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NASA shakes up leadership ahead of first astronaut launch from US since 2011

Head of human spaceflight office Doug Loverro out less than two weeks before first Crew Dragon launch with astronauts

Eight days from the first astronaut launch from American soil in nine years, NASA announced the head of its human spaceflight office had stepped down.

Doug Loverro was appointed as associate administrator for the Human Exploration and Operations Mission Directorate in October 2019. The office oversees all human related spaceflight missions and program.

On Tuesday, NASA sent a memo to employees informing them Loverro stepped down on Monday and Ken Bowersox would take his place as acting associate administrator for HEO.

NASA confirmed the leadership change in a statement to News 6.

“Associate Administrator for Human Exploration and Operations Doug Loverro has resigned from his position effective Monday, May 18,” the statement read. “Loverro hit the ground running this year and has made significant progress in his time at NASA. His leadership of HEO has moved us closer to accomplishing our goal of landing the first woman and the next man on the Moon in 2024. Loverro has dedicated more than four decades of his life in service to our country, and we thank him for his service and contributions to the agency.”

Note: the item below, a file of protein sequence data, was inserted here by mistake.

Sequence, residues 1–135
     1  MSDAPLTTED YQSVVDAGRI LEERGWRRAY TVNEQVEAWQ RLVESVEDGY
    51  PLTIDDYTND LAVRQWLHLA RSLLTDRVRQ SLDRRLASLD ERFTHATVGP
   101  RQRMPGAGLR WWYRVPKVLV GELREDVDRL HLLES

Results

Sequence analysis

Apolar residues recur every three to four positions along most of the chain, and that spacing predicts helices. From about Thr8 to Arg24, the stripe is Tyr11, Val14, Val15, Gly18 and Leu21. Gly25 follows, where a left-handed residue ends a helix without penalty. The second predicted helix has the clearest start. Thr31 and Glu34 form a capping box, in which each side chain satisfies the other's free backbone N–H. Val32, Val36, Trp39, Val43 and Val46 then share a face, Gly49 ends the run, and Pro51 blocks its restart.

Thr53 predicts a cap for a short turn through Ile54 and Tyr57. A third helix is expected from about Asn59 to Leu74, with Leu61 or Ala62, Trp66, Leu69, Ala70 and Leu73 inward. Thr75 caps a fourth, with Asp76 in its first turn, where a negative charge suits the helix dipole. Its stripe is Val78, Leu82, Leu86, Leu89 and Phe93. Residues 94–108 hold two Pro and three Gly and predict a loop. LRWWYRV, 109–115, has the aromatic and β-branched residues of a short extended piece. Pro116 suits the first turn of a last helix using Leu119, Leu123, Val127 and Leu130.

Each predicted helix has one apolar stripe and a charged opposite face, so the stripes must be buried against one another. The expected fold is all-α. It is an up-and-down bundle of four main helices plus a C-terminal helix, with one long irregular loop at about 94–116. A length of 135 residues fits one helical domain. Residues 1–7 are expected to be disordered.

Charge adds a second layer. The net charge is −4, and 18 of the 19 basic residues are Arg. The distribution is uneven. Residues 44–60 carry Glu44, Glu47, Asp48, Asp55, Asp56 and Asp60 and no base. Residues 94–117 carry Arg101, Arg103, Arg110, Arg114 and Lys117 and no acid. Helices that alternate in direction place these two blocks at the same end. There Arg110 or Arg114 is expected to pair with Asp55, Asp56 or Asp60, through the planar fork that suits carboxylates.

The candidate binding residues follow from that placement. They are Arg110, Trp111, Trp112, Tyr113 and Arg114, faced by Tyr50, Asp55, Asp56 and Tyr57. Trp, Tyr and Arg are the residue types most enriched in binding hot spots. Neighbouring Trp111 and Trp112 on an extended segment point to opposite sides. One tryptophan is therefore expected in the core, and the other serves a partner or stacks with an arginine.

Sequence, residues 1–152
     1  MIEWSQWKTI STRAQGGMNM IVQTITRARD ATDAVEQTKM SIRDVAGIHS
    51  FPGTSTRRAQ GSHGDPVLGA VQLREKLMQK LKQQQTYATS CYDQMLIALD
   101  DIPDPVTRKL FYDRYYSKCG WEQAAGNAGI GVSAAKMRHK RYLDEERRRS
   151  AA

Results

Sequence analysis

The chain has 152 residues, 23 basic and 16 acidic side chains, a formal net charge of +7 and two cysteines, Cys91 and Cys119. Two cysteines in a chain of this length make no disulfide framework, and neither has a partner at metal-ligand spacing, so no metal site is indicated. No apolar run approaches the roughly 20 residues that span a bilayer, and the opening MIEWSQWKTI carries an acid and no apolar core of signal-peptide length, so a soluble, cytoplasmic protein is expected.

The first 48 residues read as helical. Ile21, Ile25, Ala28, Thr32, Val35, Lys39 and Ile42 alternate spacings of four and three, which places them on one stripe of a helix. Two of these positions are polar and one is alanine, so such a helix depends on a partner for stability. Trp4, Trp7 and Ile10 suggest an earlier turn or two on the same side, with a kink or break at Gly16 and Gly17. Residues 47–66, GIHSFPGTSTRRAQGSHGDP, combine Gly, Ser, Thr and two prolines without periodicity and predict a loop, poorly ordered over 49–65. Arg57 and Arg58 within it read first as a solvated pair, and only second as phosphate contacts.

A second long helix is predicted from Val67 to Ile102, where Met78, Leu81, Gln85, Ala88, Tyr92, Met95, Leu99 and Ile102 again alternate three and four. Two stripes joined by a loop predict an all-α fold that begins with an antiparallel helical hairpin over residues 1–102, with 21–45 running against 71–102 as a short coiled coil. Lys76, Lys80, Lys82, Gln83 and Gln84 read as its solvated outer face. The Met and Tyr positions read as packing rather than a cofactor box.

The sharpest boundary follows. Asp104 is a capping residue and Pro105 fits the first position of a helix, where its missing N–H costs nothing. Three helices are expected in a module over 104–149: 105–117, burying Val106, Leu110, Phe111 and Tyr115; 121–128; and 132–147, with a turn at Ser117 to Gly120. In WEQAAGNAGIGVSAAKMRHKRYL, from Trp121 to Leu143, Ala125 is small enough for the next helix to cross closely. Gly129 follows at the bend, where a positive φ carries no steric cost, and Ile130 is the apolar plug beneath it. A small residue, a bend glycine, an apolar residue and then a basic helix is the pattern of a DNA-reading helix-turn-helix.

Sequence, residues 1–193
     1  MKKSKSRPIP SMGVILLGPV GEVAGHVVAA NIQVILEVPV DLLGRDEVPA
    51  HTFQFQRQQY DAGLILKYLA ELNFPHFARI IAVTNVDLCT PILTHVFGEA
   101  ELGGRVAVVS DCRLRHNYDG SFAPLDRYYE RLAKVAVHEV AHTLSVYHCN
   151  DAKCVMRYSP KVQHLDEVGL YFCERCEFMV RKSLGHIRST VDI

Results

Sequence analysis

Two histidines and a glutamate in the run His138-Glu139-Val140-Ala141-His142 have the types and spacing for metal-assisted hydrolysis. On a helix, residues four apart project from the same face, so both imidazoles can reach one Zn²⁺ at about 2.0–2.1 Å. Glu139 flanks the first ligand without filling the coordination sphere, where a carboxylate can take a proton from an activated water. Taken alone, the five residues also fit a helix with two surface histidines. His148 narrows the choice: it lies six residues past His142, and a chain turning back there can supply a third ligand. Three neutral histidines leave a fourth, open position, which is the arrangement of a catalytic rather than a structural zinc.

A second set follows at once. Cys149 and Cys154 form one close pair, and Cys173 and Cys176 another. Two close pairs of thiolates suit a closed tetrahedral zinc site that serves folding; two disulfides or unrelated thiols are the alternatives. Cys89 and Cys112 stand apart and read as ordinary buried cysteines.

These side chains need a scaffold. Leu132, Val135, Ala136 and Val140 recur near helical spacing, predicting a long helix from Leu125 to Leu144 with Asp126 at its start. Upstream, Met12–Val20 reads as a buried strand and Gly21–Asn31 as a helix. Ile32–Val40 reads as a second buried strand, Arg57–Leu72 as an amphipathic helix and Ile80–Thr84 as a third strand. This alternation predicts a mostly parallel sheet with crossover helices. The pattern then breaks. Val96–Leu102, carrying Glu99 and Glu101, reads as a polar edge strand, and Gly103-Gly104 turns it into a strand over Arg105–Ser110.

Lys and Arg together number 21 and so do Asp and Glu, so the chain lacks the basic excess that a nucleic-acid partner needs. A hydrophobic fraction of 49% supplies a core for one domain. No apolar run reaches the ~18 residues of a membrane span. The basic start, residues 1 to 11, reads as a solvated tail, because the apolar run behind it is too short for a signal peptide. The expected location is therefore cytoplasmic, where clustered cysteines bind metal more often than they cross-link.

Bowersox was the deputy associate administrator for HEO and previously led the office prior to Loverro’s appointment. Now, he’s back leading the head of human spaceflight.

Bowersox is a retired U.S. Naval Aviator and astronaut who has been with the space agency for two decades, according to NASA. He flew on five space shuttle missions.

“NASA has the right leadership in place to continue making progress on the Artemis and Commercial Crew programs,” the agency said in a statement.

The move was a surprise to those outside the agency, because NASA and SpaceX are preparing to launch astronauts from Florida’s Space Coast for the first time since 2011 when the shuttle program ended.

A reason for the shake up so close to the critical launch was not provided. When asked a NASA spokeswoman said they could not discuss personnel matters.

The leadership change was also not mentioned at the National Space Council meeting Tuesday attended by Vice President Mike Pence and NASA Administrator Jim Bridenstine.

On May 27, NASA Astronauts Doug Hurley and Bob Behnken are set to launch in a SpaceX Crew Dragon spacecraft atop a Falcon 9 rocket from Kennedy Space Center. The event is set to be a historic launch for NASA and SpaceX.


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